• List244 said:

    I agree with you here. I have used XP for quite some time, I never have trouble with virus' and other such malware. My computer does great. I have run a few virus-scans of course through-out time, but it has never been a huge issue. I have never had my computer harmed in the way I hear so often. Because of this, I also run no anti-virus on Vista. I also have no plans in the future to use one. I feel with the security features added, I am safer than ever, and I never had problems before...

    November 10, 2006 7:59 PM
  • Klimax said:

    Those security features can help you feel safer,but to me they will be too much restricting.I do not need Patchguard,I do not need signed drivers;what is in x86 XP is enough.And then I would like to break some TPM and DRM,so protection can be even against me...(not a single thing is safe near me and single back-up of anything is not enough!) and AVG is good,so no problem encountered.

    November 11, 2006 3:49 AM
  • Kevin Murphy said:

    Come on Robert, there was nothing irresponsible about that BetaNews article. The headline was potentially misleading, but only if you don't read the story.

    The first paragraph of his story is:

    "During a telephone conference with reporters yesterday, outgoing Microsoft co-president Jim Allchin, while touting the new security features of Windows Vista, which was released to manufacturing yesterday, told a reporter that the system's new lockdown features are so capable and thorough that he was comfortable with his own seven-year-old son using Vista without antivirus software installed."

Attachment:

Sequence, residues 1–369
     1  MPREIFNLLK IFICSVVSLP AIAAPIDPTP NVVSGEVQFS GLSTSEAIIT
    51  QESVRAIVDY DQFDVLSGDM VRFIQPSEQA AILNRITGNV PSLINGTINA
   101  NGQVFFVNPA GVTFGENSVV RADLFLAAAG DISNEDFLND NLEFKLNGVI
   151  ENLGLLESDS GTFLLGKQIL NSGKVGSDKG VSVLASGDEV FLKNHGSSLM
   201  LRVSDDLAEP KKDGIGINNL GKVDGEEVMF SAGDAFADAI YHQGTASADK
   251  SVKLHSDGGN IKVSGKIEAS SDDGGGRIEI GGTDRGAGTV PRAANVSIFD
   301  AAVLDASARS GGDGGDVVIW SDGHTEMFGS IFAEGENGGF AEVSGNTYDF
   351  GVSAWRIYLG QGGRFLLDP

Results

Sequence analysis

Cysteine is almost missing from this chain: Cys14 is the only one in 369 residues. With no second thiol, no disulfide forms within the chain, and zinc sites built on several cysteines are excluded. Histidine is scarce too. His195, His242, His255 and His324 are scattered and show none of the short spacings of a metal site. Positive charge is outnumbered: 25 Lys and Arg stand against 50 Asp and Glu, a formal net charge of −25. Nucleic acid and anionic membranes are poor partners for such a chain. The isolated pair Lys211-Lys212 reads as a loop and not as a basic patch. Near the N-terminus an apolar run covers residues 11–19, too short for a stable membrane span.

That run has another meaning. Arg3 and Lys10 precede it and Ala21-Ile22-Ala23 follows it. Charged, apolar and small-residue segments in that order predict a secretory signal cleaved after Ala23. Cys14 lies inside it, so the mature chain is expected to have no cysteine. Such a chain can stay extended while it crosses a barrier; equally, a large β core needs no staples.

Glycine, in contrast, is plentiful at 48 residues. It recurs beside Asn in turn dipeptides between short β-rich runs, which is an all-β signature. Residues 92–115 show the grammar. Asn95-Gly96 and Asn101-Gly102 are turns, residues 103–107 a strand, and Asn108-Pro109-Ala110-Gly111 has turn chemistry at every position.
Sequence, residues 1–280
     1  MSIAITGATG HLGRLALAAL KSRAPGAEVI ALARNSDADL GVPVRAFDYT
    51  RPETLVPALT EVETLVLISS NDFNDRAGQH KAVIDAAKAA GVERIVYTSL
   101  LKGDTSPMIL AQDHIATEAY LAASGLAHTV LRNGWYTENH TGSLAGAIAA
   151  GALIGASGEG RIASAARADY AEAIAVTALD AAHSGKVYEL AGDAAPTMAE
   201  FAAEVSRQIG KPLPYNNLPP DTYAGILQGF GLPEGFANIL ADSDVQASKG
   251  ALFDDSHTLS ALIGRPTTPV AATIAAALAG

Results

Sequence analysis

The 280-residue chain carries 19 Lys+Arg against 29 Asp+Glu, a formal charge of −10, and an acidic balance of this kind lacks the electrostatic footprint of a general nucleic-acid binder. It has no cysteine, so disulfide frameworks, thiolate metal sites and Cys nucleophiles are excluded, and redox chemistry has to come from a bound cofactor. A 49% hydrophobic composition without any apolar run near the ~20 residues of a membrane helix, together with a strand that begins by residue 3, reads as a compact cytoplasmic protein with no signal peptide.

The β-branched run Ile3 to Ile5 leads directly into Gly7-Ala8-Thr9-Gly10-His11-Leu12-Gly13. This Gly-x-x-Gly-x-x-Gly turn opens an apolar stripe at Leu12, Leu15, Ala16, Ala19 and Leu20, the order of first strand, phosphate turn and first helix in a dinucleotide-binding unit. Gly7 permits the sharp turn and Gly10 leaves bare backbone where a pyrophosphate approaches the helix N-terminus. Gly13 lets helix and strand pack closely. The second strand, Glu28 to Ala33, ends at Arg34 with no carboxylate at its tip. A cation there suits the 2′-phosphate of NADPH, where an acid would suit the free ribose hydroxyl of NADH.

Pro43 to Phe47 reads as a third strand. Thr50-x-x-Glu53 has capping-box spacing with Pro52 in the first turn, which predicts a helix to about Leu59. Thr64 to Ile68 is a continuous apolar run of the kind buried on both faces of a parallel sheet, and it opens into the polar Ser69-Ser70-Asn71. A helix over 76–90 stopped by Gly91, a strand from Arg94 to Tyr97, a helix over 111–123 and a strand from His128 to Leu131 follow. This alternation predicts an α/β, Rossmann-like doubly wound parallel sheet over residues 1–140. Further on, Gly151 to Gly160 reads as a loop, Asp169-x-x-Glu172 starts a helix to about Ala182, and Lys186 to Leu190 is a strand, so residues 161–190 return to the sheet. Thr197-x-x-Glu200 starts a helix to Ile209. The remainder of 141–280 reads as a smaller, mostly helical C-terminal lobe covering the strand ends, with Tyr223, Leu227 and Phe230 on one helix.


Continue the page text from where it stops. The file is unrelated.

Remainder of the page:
Statement of fact. Not irresponsible in the slightest.

    November 11, 2006 4:22 AM
  • Ed Oswald said:

    Robert, very unfair.

    In defense of Scott, I must say that you are attempting to make hay out of something that is not even there. Our headline even of itself only said "suggests," not "says." As Kevin points out, the first paragraph quotes Jim as what he said, and he said it. Now he's not comfortable with how he put it, and backtracks. Doesn't make Scott irresponsible.

    For the sake of argument here, I'd say for the record that Jim saying something like that in front of the media was irresponsible in and of itself.

    November 14, 2006 10:24 AM
  • Ljuvefreya said:

    I'd just like to remind people most respectfully that there's nothing really evil with signed drivers. According to Mark of the SysInternals team, bad drivers are responsible for over 80% of all bluescreens in the field.

    Another interesting thing: I run AOL AIM 6 on my Vista because friends I care about use that and are familiar with it even though I vastly prefer MSN or Yahoo or even Google Talk. What really was interesting to me is that on certain ads, AIM asks to elevate to admin... How's that for spooky?

    November 19, 2006 4:33 AM
  • Graham Fluet said:

    I've got one of the best of two AV systems: Mac os X (the other is Linux).

    January 10, 2007 6:34 PM